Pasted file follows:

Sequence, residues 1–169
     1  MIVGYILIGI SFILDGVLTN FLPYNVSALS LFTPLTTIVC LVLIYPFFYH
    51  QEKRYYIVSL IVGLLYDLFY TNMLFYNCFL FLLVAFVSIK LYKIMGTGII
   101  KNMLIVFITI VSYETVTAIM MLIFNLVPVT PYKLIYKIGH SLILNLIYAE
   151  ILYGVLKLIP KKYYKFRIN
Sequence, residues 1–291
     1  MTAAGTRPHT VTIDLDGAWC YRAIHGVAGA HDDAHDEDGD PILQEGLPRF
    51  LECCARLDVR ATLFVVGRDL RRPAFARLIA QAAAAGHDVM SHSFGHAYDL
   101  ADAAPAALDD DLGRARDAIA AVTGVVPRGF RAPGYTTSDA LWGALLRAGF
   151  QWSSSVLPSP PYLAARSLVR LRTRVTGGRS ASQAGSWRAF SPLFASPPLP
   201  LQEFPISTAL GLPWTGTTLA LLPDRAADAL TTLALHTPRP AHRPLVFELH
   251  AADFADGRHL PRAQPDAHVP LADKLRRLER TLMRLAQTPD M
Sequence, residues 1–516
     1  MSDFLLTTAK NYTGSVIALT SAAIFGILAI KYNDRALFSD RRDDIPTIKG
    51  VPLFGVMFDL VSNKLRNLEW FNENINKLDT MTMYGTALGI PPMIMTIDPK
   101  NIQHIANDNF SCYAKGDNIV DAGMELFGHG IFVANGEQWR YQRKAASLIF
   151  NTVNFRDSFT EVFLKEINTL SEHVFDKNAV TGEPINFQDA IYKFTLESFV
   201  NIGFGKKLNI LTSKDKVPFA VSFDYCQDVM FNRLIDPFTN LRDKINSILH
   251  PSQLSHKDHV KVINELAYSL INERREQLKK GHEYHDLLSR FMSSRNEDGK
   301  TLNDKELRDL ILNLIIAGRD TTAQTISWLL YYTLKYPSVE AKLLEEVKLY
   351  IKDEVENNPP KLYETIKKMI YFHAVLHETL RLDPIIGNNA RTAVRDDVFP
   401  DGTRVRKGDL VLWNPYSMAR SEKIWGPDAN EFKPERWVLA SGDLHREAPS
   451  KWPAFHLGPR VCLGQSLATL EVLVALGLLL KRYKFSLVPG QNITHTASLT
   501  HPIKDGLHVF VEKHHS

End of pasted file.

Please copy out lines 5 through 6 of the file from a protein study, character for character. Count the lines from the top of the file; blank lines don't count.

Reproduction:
   151  ILYGVLKLIP KKYYKFRIN
Sequence, residues 1–291